This article was originally published in the February 1, 2014 edition of ITMI Monthly.
“Jahim must have done a good job of shielding his young wife to all the terrors...”
Jahim just wasn’t Jahim.
Last month ITMI's Steve Evers sat out under a Ugandan shade tree, seeking some refuge from the intense equatorial sun, while at a small guest house in Kampala, Uganda. Jahim was really glad to see Steve, and he was wanting to discuss what opportunities there were in South Sudan, but Jahim wasn't Jahim.
With what Jahim was exposed to in December in his homeland of South Sudan and with the many images of terror and death that assaulted his sensibilities and with the burned images in his mind forever, it is little wonder that Jahim was not the same.
It was just too soon for him to have fully processed all that had accosted him and his family over the Christmas season.
While most of us were preparing for eggnog, Christmas cantatas, singing our favorite Christmas carols, presents, family, and celebrating Christ's birth, Jahim and Gisma Buli were trying to gather what they could carry, shield the children's eyes, and escape the war zone that had unfolded itself onto the infant country of South Sudan.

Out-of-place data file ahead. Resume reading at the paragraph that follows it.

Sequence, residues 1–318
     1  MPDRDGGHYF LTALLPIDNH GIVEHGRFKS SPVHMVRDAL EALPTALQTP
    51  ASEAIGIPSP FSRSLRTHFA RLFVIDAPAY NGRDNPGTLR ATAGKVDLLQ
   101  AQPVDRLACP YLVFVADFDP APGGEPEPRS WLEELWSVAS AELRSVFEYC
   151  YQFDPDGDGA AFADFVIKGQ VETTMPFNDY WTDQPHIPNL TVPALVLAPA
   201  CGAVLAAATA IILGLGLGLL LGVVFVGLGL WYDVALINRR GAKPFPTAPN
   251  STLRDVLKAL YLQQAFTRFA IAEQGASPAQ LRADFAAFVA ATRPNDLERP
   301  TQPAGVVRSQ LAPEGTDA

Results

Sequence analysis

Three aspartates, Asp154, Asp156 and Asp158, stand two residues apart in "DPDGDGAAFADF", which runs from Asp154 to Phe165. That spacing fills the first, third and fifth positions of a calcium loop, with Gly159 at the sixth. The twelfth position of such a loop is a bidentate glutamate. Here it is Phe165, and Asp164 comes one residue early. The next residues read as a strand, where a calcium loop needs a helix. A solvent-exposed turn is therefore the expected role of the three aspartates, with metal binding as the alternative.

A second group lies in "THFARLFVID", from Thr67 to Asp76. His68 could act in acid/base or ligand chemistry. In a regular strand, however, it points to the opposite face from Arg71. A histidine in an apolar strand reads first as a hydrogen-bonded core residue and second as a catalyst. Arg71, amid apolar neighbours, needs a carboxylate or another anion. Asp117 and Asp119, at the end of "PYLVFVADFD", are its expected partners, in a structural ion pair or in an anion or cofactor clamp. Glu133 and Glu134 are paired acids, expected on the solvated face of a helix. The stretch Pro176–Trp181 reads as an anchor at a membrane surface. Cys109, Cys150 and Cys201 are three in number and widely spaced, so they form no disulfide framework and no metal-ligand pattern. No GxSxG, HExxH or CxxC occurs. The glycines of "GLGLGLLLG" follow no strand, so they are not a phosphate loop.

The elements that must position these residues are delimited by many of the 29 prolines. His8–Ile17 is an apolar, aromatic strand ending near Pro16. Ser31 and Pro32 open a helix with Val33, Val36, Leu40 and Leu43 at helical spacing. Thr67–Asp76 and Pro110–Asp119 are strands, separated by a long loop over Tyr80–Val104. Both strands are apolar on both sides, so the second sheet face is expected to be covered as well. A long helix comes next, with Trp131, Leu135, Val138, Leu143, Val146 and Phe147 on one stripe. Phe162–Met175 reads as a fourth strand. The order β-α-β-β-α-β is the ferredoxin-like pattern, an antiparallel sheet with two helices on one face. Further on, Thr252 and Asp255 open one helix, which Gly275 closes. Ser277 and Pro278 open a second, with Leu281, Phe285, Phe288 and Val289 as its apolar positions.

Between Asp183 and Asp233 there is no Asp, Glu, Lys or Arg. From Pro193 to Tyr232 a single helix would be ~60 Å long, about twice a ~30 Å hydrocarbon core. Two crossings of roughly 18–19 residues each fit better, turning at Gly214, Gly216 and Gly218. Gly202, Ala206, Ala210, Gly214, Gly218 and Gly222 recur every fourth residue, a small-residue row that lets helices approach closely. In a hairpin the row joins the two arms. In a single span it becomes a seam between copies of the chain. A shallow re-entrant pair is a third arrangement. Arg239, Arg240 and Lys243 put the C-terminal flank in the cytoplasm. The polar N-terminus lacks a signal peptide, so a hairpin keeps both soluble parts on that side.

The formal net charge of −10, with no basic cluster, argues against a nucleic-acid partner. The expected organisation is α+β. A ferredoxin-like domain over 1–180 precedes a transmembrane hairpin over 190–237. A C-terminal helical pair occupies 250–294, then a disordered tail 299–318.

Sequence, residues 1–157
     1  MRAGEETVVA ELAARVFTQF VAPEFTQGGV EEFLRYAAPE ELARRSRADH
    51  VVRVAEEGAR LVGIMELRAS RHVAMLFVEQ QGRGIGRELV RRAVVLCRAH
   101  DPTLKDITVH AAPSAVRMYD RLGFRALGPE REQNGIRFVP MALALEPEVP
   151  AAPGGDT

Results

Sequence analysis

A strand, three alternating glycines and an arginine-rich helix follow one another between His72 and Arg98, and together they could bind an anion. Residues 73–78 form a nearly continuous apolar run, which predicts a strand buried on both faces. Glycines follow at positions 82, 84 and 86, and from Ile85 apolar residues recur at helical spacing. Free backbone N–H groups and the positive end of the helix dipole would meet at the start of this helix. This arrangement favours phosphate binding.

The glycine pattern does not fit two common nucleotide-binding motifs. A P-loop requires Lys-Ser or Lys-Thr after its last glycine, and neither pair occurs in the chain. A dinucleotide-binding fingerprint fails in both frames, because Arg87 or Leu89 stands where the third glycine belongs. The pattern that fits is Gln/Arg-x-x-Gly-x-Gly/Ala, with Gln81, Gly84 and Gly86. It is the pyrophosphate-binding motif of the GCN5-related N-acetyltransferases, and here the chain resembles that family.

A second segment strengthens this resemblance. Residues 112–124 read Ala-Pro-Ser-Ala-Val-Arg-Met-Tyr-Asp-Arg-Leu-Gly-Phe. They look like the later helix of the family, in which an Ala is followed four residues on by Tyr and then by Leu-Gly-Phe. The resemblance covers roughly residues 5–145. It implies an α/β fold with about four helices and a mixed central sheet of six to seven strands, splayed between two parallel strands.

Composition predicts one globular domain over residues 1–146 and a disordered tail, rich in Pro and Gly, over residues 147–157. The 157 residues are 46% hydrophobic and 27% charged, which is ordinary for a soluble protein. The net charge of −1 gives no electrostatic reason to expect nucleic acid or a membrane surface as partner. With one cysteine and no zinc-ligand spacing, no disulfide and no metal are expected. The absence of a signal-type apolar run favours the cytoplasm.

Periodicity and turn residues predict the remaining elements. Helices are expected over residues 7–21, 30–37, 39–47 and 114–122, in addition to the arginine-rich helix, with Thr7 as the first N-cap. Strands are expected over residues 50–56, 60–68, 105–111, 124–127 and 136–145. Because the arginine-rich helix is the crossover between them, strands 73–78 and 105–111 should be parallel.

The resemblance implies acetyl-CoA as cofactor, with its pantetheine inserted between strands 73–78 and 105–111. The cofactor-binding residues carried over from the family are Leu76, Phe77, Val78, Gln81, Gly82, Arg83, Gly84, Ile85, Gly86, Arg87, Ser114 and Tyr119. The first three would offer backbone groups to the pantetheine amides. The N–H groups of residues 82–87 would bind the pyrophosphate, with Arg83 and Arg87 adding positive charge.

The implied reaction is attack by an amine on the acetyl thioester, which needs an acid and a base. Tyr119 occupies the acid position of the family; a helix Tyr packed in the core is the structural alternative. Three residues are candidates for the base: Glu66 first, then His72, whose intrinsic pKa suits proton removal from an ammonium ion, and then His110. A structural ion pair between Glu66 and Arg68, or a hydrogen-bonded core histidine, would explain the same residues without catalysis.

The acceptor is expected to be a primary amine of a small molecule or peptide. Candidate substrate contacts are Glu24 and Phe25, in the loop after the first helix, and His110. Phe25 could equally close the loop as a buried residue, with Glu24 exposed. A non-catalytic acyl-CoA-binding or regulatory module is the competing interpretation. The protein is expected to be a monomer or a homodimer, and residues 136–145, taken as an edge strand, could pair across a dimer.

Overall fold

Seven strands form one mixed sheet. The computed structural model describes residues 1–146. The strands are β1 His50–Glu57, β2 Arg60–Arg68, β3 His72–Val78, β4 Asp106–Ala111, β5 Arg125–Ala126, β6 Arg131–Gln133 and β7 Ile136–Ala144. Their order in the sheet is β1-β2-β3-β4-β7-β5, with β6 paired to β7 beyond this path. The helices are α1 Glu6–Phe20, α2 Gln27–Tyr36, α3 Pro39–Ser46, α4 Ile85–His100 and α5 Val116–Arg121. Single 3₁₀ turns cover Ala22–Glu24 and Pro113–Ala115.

A war that could take years to defuse.
The capital city of Juba where Jahim lives and bases his ministry was in complete disarray.
The pent up bitterness between different tribes and its effect of unleashing all old "offences" between even neighbors, caused a anti-Christmas spirit to be released with a vengeance on hundreds of thousands who just happen to be living in its way.
And the unabated violence was splattering its ugly self in colors of red, pain and death. Jahim shares that Juba "was empty".
So many had fled and were fleeing, only a few men stayed in hopes of somehow convincing themselves mentally that they could protect their meager life's valuables from looting and armed aggressors.
With your help, ITMI was able to help Jahim, Gisma, and three of their four children escape South Sudan and start a new life in Kampala as refugees.
Jahim with his daughter, Favor.
They had to leave behind in Juba one of "their children", a young adolescent street boy who Jahim unofficially adopted and now cares for and mentors.
New Year’s day for Jahim and his family was spent around a simple table with ITMI's Muhindo Kawede's family, sharing stories, comparing cultural differences, and loving on the little baby girls who were showing the signs of having their life turned upside down.
The Kawede and Buli families celebrate the New Year.